Explore Plants

Share

Ask Mr. Smarty Plants

Ask Mr. Smarty Plants is a free service provided by the staff and volunteers at the Lady Bird Johnson Wildflower Center.

Search Smarty Plants
    
 

Can't find the answer in our existing FAQs, submit a question to Mr. Smarty Plants.
Need help with plant identification, visit the plant identification page.

rate this answer
Not Yet Rated

Friday - November 04, 2011

From: Miami, FL
Region: Southeast
Topic: Plant Identification, Vines
Title: Vine with red berries in North Carolina
Answered by: Nan Hampton

QUESTION:

I found a plant/ vine pink teardrop with red berries in the Pusgah Forest in North Carolina and no on knows the name of it. I have a photo, can you help?

ANSWER:

A little more information about the plant would be helpful, e.g., size, leaf-type, does pink teardrop describe the flower?   You can see information about native vines in North Carolina by doing a COMBINATION SEARCH in our Native Plant Database, choosing North Carolina under Select State or Province and "Vine" under Habit (general appearance).  There are more than 70 vines native to North Carolina on our database.   Of those, here are ones that have red berries:

Celastrus scandens (American bittersweet).  Here are more photos and information.

Cocculus carolinus (Carolina snailseed)

Gelsemium sempervirens (Carolina jessamine)

Smilax smallii (Lanceleaf greenbrier) and here are more photos and information.

And, here are a few vines with pinkish flowers that are somewhat teardrop shaped:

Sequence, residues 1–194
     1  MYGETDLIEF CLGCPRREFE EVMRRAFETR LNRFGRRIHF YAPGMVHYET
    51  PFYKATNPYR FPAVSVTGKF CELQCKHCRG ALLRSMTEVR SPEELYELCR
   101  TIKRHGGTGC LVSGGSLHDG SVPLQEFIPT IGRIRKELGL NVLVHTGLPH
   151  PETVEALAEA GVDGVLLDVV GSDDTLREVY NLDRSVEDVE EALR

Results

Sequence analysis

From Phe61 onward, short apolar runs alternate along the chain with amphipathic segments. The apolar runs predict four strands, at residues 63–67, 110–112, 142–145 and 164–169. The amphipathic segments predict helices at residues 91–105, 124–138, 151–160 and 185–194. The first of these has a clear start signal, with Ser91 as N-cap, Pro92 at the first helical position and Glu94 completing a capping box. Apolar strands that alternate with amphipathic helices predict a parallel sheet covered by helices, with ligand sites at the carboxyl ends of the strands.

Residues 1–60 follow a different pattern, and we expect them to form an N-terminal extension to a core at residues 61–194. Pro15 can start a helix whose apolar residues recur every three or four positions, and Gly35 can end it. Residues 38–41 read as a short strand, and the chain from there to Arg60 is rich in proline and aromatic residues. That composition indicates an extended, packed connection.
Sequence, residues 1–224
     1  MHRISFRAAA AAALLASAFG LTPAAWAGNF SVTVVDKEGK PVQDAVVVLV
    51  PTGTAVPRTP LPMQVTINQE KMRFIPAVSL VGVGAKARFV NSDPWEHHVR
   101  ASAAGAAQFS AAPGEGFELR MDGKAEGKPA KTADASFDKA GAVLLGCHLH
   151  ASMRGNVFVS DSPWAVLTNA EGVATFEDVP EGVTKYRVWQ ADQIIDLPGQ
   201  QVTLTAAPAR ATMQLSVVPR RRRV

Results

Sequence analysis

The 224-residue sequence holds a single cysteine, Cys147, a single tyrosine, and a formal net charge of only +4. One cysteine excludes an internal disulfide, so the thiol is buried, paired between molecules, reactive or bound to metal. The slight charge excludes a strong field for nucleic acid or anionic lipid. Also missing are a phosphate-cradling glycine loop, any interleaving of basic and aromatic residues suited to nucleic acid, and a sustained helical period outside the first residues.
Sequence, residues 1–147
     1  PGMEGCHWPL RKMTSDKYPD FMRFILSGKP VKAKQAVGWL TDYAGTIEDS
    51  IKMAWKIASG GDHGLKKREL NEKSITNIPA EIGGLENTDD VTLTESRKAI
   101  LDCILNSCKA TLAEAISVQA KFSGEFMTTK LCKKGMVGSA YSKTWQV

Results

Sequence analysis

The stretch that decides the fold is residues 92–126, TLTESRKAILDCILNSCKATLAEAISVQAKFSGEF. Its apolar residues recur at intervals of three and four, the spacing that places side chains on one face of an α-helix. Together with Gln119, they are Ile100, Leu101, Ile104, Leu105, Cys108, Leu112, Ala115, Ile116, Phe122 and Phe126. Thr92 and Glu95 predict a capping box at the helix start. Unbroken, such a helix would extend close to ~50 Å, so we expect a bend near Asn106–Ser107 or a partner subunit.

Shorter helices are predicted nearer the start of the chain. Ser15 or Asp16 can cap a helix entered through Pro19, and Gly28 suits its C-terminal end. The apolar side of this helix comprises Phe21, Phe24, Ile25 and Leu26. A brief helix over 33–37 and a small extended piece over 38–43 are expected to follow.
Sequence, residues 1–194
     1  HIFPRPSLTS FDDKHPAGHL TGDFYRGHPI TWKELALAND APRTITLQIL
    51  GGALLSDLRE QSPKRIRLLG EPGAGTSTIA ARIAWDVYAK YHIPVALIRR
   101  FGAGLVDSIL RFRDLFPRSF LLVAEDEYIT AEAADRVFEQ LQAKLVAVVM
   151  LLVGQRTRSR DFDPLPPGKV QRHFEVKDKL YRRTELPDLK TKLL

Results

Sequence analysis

Polygonum arifolium (Halberdleaf tearthumb) and here are photos and more information.

Polygonum cilinode (Fringed black bindweed) and here are photos and more information.

Polygonum sagittatum (Arrowleaf tearthumb) and here are photos and more information.

Polygonum scandens (Climbing false buckwheat) and here are photos and more information.

Of course, your plant may not be a vine, in which case you could do a similar COMBINATION SEARCH and choosing "Shrub" or "Subshrub" under Habit (general appearance).  It is also possible that your plant is not a native plant, in which case it wouldn't be in our Native Plant Database and we are not likely to know what it is.  

If you didn't find your plant in any of the above, please visit our Plant Identification page where you will find links to several plant identification forums that accept photos for identification.

 

From the Image Gallery


American bittersweet
Celastrus scandens

Carolina snailseed
Cocculus carolinus

Carolina jessamine
Gelsemium sempervirens

Lanceleaf greenbrier
Smilax smallii

Climbing false buckwheat
Polygonum scandens

More Plant Identification Questions

Identification of trees in Georgetown and Austin area from Chilton TX
April 24, 2011 - I recently visited Georgetown,Texas and the Austin, Texas area. There were many multi-trunk trees in yards and in landscaping at the hotel we stayed at. What kind of trees are these multi-trunk tr...
view the full question and answer

Plant with stalk of purple berries
August 27, 2008 - I have a plant that just grows.large hollow purple stalk, purple berries in long clusters , grows very tall any thoughts.. it grows like a weed
view the full question and answer

Identity of sunflower
November 02, 2012 - I am not able to find how to post a picture to help you identify a plant on our campus. I believe the plant I am trying to identify is a rough sunflower. (Helianthus hirsutus) We have zexmenia as ...
view the full question and answer

Plant identification
September 23, 2010 - There is a vine that grows at my child's daycare that has been taunting me day and night, because I have no idea what it is and I typically have no problems identifying plants. Description: Vine- L...
view the full question and answer

Report on object glowing in tree in New Hampshire
August 04, 2013 - Hello again Mr Smartpants. I commented about a purple glow coming from a tree in previous comments. Since then they have multiplied and are spreading to different trees. We believe we may have it narr...
view the full question and answer

Smarty Plants's Facebook profile Support the Wildflower Center by Donating Online or Becoming a Member today.

Mr. Smarty Plants wants you to be his Facebook friend. Click the Facebook icon to add yourself to Mr. Smarty Plants list of friends.